First, how cool is the new Hillsboro Hops hat? It is not possible to be a craft beer fan and not love this hat.
NPR picks up on the big beer consolidation and the success of craft brew story once again. Here is a taste:
America loves beer.Interestingly, they go on to discuss the idea, promulgated by the BA of 'crafty' beer, so called faux craft beer like Blue Moon and Shock Top that are actually brewed by the big boys but whose provenance is not evident on the package. It is interesting because this is a theme the BA decided to highlight and here it is getting play in the national media. You may disagree with what the BA is doing but you can't deny that they are effective.
In the U.S., we drink $200 billion worth of the hops-brewed libation annually. What many Americans might not know is that most domestic beer, 90 percent in fact, is dominated by just two companies: Anheuser-Busch InBev and MillerCoors.
Innovators, however, are challenging that dominance in the form of craft beer breweries. Small "mom and pop"-style breweries — or regional breweries — now account for about 6 percent of domestic beer sales. That may seem like a small number, but it's been growing every year since the early 1990s, while big brewer share is declining.
There are now more small breweries than there were before Prohibition, when beer was largely a regional business.
There's also the issue, Flock says, of what the Brewer's Association calls "crafty" beers — beers owned by big beer companies disguised as small craft beer. A common example is Blue Moon, a Belgian-style beer.As for this economist, I am always for more information in general, but I am not terribly convinced. It is what is in the bottle is what is important, if provenance is important to you, you'll figure it out. The bigger issue is economies of scale - big brewers have it, little guys don't - so they have access to the same ingredients and at much lower average costs, there is a real threat. But they are also less nimble, less creative and less able to be hyper local. This, to me, is the hallmark and future of craft beer.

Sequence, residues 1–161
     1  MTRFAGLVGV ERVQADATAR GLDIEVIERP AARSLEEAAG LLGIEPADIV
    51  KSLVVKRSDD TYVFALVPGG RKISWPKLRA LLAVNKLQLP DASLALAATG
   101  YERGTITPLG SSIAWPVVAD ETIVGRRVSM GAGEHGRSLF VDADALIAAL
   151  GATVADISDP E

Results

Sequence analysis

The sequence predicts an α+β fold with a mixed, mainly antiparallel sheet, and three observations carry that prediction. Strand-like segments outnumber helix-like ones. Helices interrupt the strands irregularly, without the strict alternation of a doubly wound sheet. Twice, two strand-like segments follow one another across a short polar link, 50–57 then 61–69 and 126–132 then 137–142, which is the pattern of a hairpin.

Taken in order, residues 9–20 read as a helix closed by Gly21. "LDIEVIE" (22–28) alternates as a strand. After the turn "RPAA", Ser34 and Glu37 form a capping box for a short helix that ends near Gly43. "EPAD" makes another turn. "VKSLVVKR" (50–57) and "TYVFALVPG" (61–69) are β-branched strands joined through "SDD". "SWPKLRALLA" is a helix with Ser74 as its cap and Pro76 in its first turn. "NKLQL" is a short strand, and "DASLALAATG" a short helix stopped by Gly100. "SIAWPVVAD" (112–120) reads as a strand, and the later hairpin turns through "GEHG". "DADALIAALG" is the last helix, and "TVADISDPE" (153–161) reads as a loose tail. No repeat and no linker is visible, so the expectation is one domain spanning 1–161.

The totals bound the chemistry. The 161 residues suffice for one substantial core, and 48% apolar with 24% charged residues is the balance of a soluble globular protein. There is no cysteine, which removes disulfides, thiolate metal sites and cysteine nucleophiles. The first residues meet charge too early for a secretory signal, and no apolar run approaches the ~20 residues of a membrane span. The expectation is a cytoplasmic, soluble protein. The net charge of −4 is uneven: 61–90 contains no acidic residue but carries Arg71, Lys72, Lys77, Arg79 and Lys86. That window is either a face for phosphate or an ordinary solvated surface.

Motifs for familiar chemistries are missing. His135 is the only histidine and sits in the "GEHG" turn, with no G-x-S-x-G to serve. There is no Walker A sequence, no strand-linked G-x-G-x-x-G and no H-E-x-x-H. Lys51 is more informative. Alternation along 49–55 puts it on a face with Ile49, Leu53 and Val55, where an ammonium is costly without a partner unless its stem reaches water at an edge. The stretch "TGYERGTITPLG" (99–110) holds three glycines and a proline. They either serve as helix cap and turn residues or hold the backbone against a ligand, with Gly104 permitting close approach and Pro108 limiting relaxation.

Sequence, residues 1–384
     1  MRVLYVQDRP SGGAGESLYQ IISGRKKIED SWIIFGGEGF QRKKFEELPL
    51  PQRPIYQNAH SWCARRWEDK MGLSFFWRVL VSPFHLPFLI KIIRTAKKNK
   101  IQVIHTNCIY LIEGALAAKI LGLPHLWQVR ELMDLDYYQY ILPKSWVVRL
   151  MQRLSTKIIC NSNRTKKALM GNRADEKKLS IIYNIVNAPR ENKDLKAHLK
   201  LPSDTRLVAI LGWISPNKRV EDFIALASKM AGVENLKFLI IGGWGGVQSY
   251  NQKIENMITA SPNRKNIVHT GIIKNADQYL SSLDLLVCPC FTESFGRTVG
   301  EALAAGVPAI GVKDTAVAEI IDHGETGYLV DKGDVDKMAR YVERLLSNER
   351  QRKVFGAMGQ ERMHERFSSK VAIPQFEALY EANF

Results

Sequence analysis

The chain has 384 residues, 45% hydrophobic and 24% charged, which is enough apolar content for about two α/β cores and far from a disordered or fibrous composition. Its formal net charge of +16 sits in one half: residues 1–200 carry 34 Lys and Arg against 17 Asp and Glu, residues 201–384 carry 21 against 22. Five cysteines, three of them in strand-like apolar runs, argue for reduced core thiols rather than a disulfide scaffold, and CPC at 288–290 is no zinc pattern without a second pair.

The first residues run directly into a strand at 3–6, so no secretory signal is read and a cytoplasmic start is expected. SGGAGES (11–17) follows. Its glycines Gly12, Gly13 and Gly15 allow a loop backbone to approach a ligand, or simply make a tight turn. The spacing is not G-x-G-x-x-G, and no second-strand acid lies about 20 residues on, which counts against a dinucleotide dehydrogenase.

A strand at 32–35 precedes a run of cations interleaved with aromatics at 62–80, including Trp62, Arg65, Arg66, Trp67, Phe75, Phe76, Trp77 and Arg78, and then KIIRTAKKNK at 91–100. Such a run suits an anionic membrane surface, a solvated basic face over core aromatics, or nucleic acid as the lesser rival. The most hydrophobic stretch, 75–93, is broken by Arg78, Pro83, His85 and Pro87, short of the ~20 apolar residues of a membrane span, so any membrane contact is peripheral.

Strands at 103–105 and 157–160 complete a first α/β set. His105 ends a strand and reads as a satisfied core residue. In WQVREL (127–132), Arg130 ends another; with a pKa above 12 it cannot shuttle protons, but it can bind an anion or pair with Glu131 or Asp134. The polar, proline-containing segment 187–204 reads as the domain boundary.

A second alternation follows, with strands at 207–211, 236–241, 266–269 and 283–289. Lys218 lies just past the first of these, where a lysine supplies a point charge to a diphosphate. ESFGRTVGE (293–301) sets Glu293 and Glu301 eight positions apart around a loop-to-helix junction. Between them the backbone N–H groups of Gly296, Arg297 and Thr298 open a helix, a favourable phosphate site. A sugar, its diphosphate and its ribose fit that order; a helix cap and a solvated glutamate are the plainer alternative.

"A lot of people think that [Blue Moon] is a craft beer, but is in fact owned by MillerCoors," she says.
Craft brewers argue, Flock says, that this limits consumer choice. For instance, if a bar stocks the top brands from a big brewer along with these "crafty" beers, consumers are essentially only buying from a single company.
Julia Herz, the craft beer program director for the Brewer's Association, says big beer should print its names on the bottles.
"What we've called for is a transparency of parent company ownership, and to put that on the beer label so the beer-lover has a chance to know who's behind those brands," she says.
Herz says branding matters to many beer drinkers, especially those who care about the brands they consume and who owns those companies.
"A lot of millenials are associating themselves with what they consume, and what they hold in their hand," she says.
But I think it is wrong to suggest that craft beer is the growing share of craft beer is at the expense of big beer. Big beers market is being hammered by spirits, I am not sure they even notice much of craft beers effect as focused as they are on the competition from spirits.
Finally a little rah-rah piece on how SBA loans have helped Oregon craft brewers. They feature Migration, which pleases me a lot because in my mind they are to be commended for two reasons. First, they showed a lot of gumption and drive in creating a new brew-pub from scratch. And two, they have not stopped learning and getting better. They now seem to be producing quality and consistent beers when at first they had a lot of problems. I am, frankly, surprised they were able to survive (I think their best decision might have been the location which was a masterstroke) in a city awash in other quality alternatives, but I am very happy to see they have.